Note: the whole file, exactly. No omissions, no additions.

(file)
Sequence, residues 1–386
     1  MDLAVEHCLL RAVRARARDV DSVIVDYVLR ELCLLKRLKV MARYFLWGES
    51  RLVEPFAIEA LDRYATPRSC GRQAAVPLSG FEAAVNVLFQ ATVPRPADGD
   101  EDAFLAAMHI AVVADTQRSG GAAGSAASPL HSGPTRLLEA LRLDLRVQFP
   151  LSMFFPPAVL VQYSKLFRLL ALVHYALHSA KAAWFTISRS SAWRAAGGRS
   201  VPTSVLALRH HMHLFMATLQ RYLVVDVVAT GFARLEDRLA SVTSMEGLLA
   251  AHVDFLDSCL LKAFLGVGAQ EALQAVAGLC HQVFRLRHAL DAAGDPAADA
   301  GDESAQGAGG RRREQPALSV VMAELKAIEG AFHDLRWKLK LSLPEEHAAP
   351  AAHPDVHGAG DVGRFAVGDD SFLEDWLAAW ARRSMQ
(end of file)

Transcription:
Sequence, residues 1–386
     1  MDLAVEHCLL RAVRARARDV DSVIVDYVLR ELCLLKRLKV MARYFLWGES
    51  RLVEPFAIEA LDRYATPRSC GRQAAVPLSG FEAAVNVLFQ ATVPRPADGD
   101  EDAFLAAMHI AVVADTQRSG GAAGSAASPL HSGPTRLLEA LRLDLRVQFP
   151  LSMFFPPAVL VQYSKLFRLL ALVHYALHSA KAAWFTISRS SAWRAAGGRS
   201  VPTSVLALRH HMHLFMATLQ RYLVVDVVAT GFARLEDRLA SVTSMEGLLA
   251  AHVDFLDSCL LKAFLGVGAQ EALQAVAGLC HQVFRLRHAL DAAGDPAADA
   301  GDESAQGAGG RRREQPALSV VMAELKAIEG AFHDLRWKLK LSLPEEHAAP
   351  AAHPDVHGAG DVGRFAVGDD SFLEDWLAAW ARRSMQ